United States District Court, W.D. Wisconsin
BARBARA B. CRABB, District Judge
Prisoner James Donald Peterson has filed a 51-page petition for a writ of habeas corpus under 28 U.S.C. § 2254 in which he challenges a 1998 conviction for first-degree sexual assault of a child under the age of 13. Because it appears that the statute of limitations has run on the petition, I am directing petitioner to show cause why the petition should not be denied as untimely.
In 1999, petitioner filed a petition for a writ of habeas corpus in which he challenged his 1998 conviction. Peterson v. Smith, No. 99-cv-426-bbc (W.D. Wis.). I dismissed the petition without prejudice to petitioner’s refiling it after he exhausted his remedies in state court. Id. at dkt. #18. In January 2015, petitioner filed a motion to “reinstate” the petition on the ground that he had exhausted his state court remedies by following the procedure in State v. Knight, 168 Wis.2d 509, 484 N.W.2d 540 (1992), for pursuing a claim for ineffective assistance of appellate counsel. Id. at dkt. #30. I denied the motion on the ground that petitioner needed to file a new petition. Id. at dkt. #31. On March 28, 2016, more than a year later, petitioner filed this case.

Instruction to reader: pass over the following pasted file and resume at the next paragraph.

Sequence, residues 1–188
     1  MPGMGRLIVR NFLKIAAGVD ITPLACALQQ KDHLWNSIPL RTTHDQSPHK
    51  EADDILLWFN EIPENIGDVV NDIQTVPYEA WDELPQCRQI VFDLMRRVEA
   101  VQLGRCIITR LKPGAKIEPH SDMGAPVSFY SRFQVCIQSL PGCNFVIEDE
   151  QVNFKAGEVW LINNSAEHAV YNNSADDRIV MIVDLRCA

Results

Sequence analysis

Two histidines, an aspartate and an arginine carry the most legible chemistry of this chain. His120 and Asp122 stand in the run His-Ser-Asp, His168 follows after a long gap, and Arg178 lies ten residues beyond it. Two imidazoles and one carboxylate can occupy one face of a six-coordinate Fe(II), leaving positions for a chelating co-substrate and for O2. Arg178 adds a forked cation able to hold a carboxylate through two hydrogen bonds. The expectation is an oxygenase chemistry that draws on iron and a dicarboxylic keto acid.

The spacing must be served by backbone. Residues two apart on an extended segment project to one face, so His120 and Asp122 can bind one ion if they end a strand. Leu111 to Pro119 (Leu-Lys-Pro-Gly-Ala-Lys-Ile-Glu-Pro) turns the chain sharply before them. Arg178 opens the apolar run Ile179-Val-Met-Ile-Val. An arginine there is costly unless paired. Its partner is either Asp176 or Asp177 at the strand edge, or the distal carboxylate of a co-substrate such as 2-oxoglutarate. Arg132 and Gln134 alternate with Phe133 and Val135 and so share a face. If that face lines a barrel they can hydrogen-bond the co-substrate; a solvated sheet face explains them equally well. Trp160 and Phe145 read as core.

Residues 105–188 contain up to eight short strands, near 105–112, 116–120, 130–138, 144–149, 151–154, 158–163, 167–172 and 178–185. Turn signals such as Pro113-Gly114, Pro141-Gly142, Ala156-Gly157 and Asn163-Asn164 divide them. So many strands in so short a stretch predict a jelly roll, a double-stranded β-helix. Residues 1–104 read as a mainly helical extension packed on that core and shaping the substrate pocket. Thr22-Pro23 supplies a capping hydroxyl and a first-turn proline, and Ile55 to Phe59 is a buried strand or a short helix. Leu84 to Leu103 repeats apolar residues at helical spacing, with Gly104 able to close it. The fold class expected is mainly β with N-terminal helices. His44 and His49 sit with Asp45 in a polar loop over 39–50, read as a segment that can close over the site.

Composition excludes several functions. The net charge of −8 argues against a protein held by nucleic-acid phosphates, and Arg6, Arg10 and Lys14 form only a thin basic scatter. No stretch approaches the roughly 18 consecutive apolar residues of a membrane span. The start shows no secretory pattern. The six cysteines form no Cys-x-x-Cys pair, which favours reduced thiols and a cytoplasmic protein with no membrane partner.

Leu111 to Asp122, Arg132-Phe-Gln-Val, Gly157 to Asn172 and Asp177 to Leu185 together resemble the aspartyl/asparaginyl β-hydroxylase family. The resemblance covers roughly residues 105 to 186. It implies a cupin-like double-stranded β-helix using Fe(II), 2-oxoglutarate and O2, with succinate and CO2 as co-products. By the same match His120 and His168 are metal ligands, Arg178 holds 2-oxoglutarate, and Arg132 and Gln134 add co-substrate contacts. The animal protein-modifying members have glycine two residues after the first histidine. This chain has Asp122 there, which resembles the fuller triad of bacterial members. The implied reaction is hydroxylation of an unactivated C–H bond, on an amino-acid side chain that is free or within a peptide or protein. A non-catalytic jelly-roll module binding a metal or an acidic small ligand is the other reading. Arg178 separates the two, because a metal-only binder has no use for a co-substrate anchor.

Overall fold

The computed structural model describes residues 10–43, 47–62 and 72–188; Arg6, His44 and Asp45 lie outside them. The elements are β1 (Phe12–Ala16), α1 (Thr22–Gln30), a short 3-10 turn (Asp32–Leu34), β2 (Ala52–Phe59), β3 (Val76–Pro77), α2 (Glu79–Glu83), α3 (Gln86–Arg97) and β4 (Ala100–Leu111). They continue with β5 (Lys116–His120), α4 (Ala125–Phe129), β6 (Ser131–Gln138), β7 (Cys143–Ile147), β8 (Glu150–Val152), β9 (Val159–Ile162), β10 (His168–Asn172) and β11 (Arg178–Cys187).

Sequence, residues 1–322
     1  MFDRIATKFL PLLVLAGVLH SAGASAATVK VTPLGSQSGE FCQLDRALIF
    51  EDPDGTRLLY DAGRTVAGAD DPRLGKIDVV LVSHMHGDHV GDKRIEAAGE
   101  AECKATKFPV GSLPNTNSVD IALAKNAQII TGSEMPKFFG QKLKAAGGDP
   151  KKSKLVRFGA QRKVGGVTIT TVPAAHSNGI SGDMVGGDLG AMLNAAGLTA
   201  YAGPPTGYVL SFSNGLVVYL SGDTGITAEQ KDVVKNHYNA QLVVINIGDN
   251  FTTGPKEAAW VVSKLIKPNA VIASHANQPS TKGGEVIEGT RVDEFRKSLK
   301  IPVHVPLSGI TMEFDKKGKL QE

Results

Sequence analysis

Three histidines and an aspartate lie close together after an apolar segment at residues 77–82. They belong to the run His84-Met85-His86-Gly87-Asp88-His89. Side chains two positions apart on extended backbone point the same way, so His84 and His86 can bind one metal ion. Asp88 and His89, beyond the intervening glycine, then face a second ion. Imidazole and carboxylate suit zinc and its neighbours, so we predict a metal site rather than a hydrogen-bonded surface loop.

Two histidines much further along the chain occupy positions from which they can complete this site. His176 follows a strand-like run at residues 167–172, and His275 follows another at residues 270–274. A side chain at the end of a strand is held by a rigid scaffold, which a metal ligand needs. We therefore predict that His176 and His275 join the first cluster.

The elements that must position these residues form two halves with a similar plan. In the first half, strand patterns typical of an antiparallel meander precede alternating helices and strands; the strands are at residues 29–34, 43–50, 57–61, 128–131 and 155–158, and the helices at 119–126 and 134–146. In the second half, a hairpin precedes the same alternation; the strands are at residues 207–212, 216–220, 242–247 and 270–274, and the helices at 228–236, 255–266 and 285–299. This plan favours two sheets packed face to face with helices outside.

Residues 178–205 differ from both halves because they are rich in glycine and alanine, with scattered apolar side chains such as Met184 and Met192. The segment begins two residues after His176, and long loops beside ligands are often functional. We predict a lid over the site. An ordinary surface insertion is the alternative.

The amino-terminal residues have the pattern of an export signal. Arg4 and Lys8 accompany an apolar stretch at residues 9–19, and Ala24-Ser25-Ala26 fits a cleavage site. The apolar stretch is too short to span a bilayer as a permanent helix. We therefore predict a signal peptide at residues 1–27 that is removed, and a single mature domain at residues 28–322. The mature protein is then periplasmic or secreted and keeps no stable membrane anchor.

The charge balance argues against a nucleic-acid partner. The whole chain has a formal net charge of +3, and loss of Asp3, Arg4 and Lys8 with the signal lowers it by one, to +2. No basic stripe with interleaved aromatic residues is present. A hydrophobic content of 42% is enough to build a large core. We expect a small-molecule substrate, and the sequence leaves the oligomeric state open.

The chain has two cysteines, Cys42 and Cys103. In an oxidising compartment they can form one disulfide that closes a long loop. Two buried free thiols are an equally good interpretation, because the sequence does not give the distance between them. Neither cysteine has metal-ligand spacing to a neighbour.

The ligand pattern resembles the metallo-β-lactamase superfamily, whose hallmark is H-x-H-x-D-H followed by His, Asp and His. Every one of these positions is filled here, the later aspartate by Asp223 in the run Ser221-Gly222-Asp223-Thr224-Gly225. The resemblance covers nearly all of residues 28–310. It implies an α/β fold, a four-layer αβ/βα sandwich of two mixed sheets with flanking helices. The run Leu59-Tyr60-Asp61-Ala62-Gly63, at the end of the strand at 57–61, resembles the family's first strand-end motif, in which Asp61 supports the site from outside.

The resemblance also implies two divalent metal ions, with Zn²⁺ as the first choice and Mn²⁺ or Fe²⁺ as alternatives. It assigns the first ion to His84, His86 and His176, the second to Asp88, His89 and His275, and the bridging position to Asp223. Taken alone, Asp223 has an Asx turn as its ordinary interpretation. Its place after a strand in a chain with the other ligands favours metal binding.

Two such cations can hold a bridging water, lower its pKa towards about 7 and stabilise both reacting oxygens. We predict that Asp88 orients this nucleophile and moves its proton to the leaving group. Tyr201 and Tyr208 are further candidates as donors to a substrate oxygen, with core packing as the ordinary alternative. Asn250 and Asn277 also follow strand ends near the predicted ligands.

Although the petition is lengthy, petitioner does not address an obvious issue, which is the statute of limitations. Under 28 U.S.C. § 2244(d)(1), all habeas corpus petitions are subject to a one-year limitations period. The one-year limitations period is designed to "encourag[e] prompt filings in federal court in order to protect the federal system from being forced to hear stale claims." Carey v. Saffold, 536 U.S. 214, 226 (2002). This one-year statute of limitations typically begins to run at "the date on which the judgment became final by the conclusion of direct review or the expiration of the time for seeking such review." 28 U.S.C. § 2244(d)(1)(A).